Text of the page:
RIOTSOUND.COM: Your beef with members of D12 and the Shady camp has been widely publicized. Do you feel it may have helped you in a way? For example, a lot of people say the beef between Nas and Jay-Z actually helped motivate Nas to come out with better material. Can you see a similar logic applying in your case?

ROYCE DA 5’9″: The only way that I feel that its helped me is that its kept my name out there in some way. Rather than it be negative or positive, I guess you can look at it as any press is good press. As far as how I create – that situation spun off the Death Is Certain album – a lot of things that went down in that situation pissed me off and it had a darker side of me out every day. So that darker side of me is who recorded that album. So I guess in a way it’s a positive thing because I got a lot of positive feedback and a lot of respect off that album. I guess the whole thing kind of helped me in a way but at the same time it also helped me realize how to deal with people and it matured me a lot.

RIOTSOUND.COM: Where does the situation with the Shady camp stand as of right now?

ROYCE DA 5’9″: It doesn’t stand anywhere. I don’t deal with the Shady camp. I don’t have any kind of problem with them whatsoever. Everybody is moving on with their career. Hopefully sometime in the future the actual relationship outside the music can be patched up between me and Slim. But, you know, right now there’s definitely nothing there; it’s all good I guess.

RIOTSOUND.COM: On the M.I.C. mixtape, you worked with Nottz on two of the tracks, Nickel and Jump. The beats on both those cuts sound like something for the club but the lyrics are more street. Can you talk about the creative process there as well as the ongoing collaboration between the two of you; what kind of material can we expect from Royce and Nottz in the future?

ROYCE DA 5’9″: Nottz is somebody who I have been dealing with for a while, that’s my man. So right now he is just sending me beats. He’ll send me beat CDs and I just go through ’em and cut songs. Jump and Nickel were just a couple of songs that I knew I wasn’t going to use for the album and we figure why sit on ’em? We might as well get them out there to give people an idea of the type of shit me and Nottz is going to be doing and let them know that we are going to be doing an album in the future. I got a lot of Nottz records; the records that I’m sitting on that I haven’t put out are way more album worthy records. We sittin’ on classic records right now. We’re just waiting for the right time to drop ’em.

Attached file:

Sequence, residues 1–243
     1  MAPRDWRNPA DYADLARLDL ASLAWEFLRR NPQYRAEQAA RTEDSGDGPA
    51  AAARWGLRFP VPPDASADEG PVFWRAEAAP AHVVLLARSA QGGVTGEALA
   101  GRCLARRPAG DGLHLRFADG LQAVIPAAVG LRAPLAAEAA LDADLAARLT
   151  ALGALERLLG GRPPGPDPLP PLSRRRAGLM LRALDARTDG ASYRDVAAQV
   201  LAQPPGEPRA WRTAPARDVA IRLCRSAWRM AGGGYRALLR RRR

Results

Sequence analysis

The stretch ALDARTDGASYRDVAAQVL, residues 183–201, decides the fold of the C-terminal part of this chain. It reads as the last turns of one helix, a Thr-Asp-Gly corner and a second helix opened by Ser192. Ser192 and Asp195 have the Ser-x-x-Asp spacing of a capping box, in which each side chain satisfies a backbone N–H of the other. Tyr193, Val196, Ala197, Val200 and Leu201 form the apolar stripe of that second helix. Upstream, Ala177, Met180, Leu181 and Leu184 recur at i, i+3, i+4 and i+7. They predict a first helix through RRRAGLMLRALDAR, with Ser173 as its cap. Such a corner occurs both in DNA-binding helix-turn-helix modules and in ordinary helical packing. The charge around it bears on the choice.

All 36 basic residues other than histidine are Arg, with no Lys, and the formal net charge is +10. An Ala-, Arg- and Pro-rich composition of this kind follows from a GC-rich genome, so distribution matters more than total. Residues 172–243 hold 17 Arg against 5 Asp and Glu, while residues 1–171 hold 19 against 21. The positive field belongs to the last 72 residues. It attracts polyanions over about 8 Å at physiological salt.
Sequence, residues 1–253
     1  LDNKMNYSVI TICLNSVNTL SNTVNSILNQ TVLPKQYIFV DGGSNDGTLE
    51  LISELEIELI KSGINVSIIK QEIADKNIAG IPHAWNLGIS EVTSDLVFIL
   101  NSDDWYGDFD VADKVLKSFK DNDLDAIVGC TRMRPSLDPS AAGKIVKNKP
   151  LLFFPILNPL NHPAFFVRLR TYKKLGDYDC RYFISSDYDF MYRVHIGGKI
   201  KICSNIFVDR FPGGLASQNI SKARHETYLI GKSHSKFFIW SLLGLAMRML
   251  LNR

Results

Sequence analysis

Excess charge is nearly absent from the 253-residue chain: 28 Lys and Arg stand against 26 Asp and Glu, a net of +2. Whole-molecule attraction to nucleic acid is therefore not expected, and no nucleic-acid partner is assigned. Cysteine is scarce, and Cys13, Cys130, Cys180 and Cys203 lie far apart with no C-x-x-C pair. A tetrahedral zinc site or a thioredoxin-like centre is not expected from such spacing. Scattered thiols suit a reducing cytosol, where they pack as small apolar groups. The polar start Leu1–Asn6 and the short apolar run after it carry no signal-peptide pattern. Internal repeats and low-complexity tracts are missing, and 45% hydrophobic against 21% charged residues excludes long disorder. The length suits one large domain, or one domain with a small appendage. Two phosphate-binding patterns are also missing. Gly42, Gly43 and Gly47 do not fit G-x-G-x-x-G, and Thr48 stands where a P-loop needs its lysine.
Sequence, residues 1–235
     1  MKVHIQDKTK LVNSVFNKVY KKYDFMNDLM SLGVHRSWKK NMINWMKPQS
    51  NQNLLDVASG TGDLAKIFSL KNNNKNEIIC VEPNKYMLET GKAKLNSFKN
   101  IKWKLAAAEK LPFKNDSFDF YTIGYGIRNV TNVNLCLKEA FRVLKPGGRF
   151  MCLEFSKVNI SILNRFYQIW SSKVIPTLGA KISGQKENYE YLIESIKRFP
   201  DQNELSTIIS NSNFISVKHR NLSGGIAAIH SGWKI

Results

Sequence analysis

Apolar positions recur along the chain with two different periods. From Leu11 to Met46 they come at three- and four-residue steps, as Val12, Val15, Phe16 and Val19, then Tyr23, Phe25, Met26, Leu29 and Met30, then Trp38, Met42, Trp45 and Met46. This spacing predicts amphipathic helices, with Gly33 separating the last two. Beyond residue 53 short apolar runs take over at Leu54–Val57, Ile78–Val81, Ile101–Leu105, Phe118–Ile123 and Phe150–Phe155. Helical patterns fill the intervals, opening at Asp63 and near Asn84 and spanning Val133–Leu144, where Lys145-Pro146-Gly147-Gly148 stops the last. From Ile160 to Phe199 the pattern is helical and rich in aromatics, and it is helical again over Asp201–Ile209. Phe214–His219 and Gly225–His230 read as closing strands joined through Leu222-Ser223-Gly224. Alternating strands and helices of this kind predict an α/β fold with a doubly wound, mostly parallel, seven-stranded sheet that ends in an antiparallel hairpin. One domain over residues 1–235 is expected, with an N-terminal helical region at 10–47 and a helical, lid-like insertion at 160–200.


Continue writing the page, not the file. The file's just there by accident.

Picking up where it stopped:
RIOTSOUND.COM: A lot of independent artists right now are thriving and gaining a lot of recognition, on the flip side of that, I think many people who are fans of Royce Da 5’9″ feel that with your talent you can reach a much wider audience. How do you feel about that as far as being independent as opposed to being on a major label?

ROYCE DA 5’9″: Well, what I am doing right now is I think I am trying to find that medium. I am independent right now; I am independent by choice just because I’ve been in a label situation – Koch put out my Death Is Certain album; but as far as from a promotions standpoint I feel like that we did everything. I feel like the way that album was promoted, all the promotion we did ourselves. We could have put that album out ourselves and sold 50,000 on our own.

So at this point I want to do this until we find the right major label situation – label deal and joint venture, something like that. I don’t plan to just stay independent forever but I definitely want to have more of a grasp on the creative direction and just how my albums are marketed; I just want to have a little more control. This is just my time to be patient and do the independent thing until I can find the right situation.